The Urge to Lead

| | Personal Leadership

Since Lolly Daskal and I launched our You Matter Radio Show  in January 2010 we have interviewed an amazing array of truly bright, inspired and inspiring people from around the world.  Our interviews are a way for us to inquire into the limitless ways people are making a difference by leveraging their unique passions, talents and experiences.

Our message is simple. You matter: who you are, how you think, what you say, what you do matters.

One of the things that stands out for me from our guests’ stories so far is that, while we have focused on the difference these individuals have been making in their sphere of influence, some of the most beautiful stories have been about the difference others have made for them – how someone else has truly mattered in their life at a time when it mattered most.  Sometimes it was someone they barely knew.

Every one of us can be that person for someone.  I would venture to say that every one of us has been that person at least once.  And we may never even know just how much of a difference we have made.

I speak often of the idea that you do not have to be “THE” leader to be “a” leader in any given moment.

Every one of these people is a leader in some respect, not because someone said they were, but because they chose to be and they keep on making that choice over and over.  And every one of the stories shared of people who made a difference for them is an example of someone choosing to be a leader in another person’s life:  not because they had to, because they had authority to do so, or even because it was the right thing to do, but because they believed it mattered, that they mattered and that the person they contributed to mattered.

When we are focused on who and what matters most to us we are most likely to experience a natural urge to lead – to speak up, step up and stand up to make a difference.  When we care deeply, I think the barrier to leading is often not whether we see the opportunities to act as a leader, but rather whether we are willing to take the action.

Think about what matters and who matters to you right now.  Think about what you can do or say that could make a difference, no matter how seemingly small.  And follow through on your natural urge to lead .  Commit an act of leadership.  You may just make the pivotal difference in someone’s life, your business or your community.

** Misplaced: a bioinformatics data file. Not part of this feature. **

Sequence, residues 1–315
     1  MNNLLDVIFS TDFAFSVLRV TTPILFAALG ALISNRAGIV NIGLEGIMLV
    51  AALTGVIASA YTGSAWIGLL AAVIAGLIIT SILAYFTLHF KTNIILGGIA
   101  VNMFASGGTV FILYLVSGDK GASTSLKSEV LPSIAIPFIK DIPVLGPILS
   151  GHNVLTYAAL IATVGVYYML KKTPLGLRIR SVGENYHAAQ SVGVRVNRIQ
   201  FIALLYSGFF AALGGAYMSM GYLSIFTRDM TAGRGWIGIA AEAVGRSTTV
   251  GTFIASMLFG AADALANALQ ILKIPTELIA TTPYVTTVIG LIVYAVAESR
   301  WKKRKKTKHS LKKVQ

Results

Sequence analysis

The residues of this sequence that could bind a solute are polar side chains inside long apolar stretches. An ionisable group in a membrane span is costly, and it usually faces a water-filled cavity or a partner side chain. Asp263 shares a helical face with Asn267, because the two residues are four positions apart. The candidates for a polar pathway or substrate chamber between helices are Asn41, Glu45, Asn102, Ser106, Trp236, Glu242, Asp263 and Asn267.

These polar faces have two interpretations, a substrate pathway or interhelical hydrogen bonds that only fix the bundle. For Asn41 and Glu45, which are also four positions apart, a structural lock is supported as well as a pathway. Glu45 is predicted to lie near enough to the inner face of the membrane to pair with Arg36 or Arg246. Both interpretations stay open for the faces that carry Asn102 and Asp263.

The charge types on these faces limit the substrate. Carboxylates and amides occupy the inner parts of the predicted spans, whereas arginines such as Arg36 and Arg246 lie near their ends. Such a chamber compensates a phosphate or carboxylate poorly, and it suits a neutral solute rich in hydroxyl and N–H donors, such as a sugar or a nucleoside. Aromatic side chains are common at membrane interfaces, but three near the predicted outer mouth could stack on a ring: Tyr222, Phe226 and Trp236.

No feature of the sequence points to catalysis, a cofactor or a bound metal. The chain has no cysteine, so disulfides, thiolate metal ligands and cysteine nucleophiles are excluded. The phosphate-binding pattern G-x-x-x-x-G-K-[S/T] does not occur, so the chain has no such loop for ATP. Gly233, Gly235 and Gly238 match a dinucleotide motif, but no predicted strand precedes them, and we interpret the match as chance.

What do you think?  Have you experienced the “urge to lead”?  What gets in the way of committing an act of leadership, even when we see an action to take?


Enter A Comment

Gwyn Teatro   |   23 March 2010   |   Reply

You have *me* thinking this time Susan.
The last time I had an “urge to lead”, I expect was when my husband was in hospital. It became clear to me pretty quickly that I couldn’t simply stand by and trust the “system” to take care of him the way I felt he deserved. And so I found myself “front and centre”. Sometimes it was about working with the medical team to understand their goals and perspectives before providing my own, (sometimes contrary) view and moving toward a compromise. Sometimes it was simply making sure that my husband was comfortable by sourcing supplies and pitching in to help the overworked nursing staff by changing his bed linen or other such work. At the time it wasn’t about “leadership”. It was about doing something for someone I love. Simple.
And perhaps that’s the point. When we have the “urge to lead” it usually comes from a place of concern, or deep belief and that is maybe all it takes for any one of us to rise up and lead.

Susan Mazza   |   24 March 2010   |   Reply

Thanks Gwyn for a great example. And in those moments we aren’t thinking about “leadership” or “leading”, we are focused on making a difference in something we care about and/or for someone we care about. That doesn’t mean they aren’t acts of leadership.

Dorothy Dalton   |   24 March 2010   |   Reply

Hi Susan – excellent post! There are many arm chair leaders in this world, people who feel strongly about certain issues but not strongly enough to translate those words into actions or even to speak out. They are the people that make a difference even if it’s only a small one! Well said!

Susan Mazza   |   24 March 2010   |   Reply

You don’t necessarily have to make a bold move to make a big difference.

I am not sure I would actually call those in the “arm chair” leaders unless they choose to act even in small ways. Yet I do aim to find ways to motivate more people to get out of their “arm chairs”!

CV Harquail   |   24 March 2010   |   Reply

So many people assume that leadership is either about ‘them’ or about leading a group of people, and they forget that even a small act of support offered to an individual can create a situation where things move forward. I appreciate the reminder that leadership comes from small acts of caring, since these are within anyone’s reach.